Why it is aCatch 22: Oil and natural gas prices are already too high in the United States and Europe.
“On several occasions in 2021, US President Joe Biden lobbied OPEC to increase output in order to ease surging fuel costs. The optics of doing that while supporting sanctions that would directly choke off oil supply and push up prices are awkward to say the least. So, leaders face a Catch-22: Oil sanctions severe enough to hurt Russia would also cause economic misery at home, whereas sanctions mild enough to be tolerable for voters would probably have no effect. While sanctions in some form are likely, we expect Western leaders to steer clear of Russian crude exports,” writes Dave Meat, CFA, director of research, energy and utilities, for Morningstar.
Goldman Sachs too doesn’t see a significant impact as sanctions-driven disruption would be “mutually-assured destruction” as “it’s not in the interest of anybody to stop the flows of energy through Ukraine.”
While the White House has said no punishment is off the table, Europe’s dependence on Russia for energy make them vulnerable given Russia’s history of threatening to cut off gas supplies to its neighbors, which could potentially undermine the West’s ability to execute coordinated sanctions.
There is also the risk that Russian President Vladimir Putin could retaliate by weaponizing exports of oil and natural gas. Higher natural gas prices would further drive up oil demand as factories and power plants switch to oil instead.
“Russians are using natural gas like a bargaining chip by denying gas to Europe via the Yamal pipeline. This is forcing consumers like power producers to burn oil instead of gas to generate electricity. That’s driving oil prices higher,” said Bhambwani.
Middle East angle: Key oil-producing countries have also not really increased crude oil supplies despite rising demand. OPEC+ had agreed to sharp cuts in supply in 2020 owing to Covid-induced travel restrictions, but the organisation has been slow to boost production since. The alliance has come under increasing pressure from oil-consuming countries to to boost supply, as demand has proved stronger than expected but the cartel’s supply lagged behind its targets by 900,000 barrels a day in January, against a shortfall of 790,000 barrels a day in December.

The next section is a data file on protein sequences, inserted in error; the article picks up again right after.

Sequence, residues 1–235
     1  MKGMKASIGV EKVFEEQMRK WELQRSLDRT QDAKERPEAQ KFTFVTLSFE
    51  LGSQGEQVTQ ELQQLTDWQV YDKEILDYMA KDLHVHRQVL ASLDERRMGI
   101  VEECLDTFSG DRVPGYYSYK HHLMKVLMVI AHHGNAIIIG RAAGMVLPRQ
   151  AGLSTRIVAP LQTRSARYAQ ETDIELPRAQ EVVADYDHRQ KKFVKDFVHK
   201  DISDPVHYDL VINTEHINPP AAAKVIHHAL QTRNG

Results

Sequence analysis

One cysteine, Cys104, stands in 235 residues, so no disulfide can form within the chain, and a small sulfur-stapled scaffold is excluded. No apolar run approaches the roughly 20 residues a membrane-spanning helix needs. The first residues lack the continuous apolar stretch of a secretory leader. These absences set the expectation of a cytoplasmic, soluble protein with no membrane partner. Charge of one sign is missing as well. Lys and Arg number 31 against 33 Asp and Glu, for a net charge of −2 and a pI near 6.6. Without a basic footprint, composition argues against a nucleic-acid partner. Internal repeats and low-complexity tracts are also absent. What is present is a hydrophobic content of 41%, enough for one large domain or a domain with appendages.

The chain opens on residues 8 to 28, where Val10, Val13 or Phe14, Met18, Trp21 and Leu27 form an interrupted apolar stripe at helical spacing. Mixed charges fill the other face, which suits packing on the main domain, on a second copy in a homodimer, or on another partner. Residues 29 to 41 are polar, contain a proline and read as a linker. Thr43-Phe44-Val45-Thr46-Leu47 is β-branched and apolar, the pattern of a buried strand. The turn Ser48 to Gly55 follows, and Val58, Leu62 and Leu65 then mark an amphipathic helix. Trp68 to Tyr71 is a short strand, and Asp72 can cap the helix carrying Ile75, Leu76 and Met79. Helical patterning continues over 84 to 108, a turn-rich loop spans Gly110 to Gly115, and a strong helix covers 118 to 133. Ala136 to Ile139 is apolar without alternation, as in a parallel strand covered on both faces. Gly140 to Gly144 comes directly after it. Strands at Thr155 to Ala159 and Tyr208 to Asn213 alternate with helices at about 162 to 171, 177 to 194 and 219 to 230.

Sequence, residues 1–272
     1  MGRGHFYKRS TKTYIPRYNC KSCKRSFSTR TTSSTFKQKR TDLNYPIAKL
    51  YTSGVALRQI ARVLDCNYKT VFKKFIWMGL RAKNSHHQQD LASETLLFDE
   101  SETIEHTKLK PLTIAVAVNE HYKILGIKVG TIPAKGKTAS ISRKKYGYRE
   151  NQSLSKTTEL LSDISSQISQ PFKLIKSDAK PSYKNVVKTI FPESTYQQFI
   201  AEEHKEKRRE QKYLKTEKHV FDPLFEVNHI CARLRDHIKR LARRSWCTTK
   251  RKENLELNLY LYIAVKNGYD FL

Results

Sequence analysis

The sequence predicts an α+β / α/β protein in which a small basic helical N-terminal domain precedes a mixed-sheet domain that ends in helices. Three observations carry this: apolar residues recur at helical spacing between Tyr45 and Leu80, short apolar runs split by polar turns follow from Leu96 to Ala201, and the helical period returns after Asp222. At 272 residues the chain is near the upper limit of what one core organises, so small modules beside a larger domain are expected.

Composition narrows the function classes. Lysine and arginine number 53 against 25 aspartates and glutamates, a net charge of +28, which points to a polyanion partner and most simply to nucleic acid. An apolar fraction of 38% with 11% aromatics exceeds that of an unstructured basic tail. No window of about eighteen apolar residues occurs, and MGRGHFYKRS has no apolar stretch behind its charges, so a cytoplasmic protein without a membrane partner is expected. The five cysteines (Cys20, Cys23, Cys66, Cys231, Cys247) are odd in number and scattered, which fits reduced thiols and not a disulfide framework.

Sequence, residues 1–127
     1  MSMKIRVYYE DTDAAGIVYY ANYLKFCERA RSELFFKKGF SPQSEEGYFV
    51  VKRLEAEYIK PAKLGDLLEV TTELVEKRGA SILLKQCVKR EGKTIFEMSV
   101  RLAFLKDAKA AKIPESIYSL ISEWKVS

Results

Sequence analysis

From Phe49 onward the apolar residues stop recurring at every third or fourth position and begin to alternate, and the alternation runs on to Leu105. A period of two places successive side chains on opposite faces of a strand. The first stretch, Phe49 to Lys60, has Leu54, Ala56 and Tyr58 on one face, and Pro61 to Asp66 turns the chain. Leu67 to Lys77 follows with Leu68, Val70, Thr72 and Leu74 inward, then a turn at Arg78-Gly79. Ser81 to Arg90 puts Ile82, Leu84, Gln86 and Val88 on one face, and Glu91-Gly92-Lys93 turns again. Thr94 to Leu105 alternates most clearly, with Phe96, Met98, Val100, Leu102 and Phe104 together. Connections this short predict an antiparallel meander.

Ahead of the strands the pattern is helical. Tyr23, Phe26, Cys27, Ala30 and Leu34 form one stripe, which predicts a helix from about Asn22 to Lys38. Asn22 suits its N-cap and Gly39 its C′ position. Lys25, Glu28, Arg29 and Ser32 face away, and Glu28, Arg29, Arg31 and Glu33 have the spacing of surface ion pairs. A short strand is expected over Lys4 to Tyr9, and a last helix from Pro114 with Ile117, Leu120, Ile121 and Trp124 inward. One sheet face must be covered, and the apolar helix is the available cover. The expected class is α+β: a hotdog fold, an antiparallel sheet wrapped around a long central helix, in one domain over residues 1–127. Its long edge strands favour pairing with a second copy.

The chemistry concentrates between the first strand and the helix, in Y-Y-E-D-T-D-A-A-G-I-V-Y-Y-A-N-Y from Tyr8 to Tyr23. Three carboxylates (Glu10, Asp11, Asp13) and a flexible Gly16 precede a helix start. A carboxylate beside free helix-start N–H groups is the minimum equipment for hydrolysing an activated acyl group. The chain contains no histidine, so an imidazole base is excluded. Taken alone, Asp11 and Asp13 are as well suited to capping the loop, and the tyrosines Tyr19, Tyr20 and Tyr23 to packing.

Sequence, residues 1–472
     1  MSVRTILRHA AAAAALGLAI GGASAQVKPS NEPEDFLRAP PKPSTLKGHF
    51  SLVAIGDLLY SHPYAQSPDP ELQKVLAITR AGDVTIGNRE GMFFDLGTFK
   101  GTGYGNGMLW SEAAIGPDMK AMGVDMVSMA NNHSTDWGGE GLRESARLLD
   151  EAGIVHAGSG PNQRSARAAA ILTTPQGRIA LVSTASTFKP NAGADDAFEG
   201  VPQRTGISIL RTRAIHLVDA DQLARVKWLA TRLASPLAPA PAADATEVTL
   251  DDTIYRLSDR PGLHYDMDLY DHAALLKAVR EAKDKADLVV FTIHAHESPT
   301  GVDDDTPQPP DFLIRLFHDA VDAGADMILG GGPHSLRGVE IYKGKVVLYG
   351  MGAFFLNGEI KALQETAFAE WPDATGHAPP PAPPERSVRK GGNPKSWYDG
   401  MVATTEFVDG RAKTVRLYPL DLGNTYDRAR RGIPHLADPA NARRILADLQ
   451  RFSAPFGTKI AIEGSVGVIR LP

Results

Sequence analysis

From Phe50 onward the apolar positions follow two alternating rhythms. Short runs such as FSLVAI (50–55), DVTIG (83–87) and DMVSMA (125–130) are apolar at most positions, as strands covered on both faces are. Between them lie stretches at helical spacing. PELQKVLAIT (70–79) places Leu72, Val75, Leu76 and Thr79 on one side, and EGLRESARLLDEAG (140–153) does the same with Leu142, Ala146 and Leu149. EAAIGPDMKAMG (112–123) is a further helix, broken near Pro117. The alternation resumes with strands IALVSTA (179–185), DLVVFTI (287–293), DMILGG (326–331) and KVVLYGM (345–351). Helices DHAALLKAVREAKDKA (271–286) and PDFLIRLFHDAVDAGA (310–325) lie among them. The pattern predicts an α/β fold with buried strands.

“The bloc’s prolonged underperformance has effectively taken 300 million barrels, or 800,000 bpd, off the market since the start of 2021,” the IEA said in its latest report. The UAE and Saudi Arabia are the two oil producers with the most spare production capacity but the supply shortfall could deepen if OPEC+ continues to struggle to raise output. The IEA has called on both Saudi Arabia and the UAE to pump more barrels to help pacify the market.
“If the persistent gap between OPEC+ output and its target levels continues, supply tensions will rise, increasing the likelihood of more volatility and upward pressure on price..”But these risks, which have broad economic implications, could be reduced if producers in the Middle East with spare capacity were to compensate for those running out,” the IEA said.
According to IEA, global oil supply is expected to rise by 6.3 million barrels a day in 2022 if OPEC+’s pandemic-era supply constraints are fully unwound as planned. Global supply rose by 560,000 barrels a day in January to 98.7 million barrels, with oil producers outside the alliance contributing the lion’s share.
Other reasons for rising oil prices
These include consumption being strong despite the spread of the Omicron variant of the coronavirus. Add to that more supply constraints like drone attacks on oil facilities in UAE, a major oil producer, outage on a major oil pipeline linking Saudi Arabia and Turkey as well as spare capacity dwindling with insufficient investment in new production.
“Saudi Arabia has claimed irrefutable evidence against Houthi rebels based out of Hodeidah and Salif ports in Yemen. Houthis have been firing missiles and launching drone attacks on Saudis and UAE from there. Saudi air force is expected to start bombing raids on these two towns soon, said Bhambwani.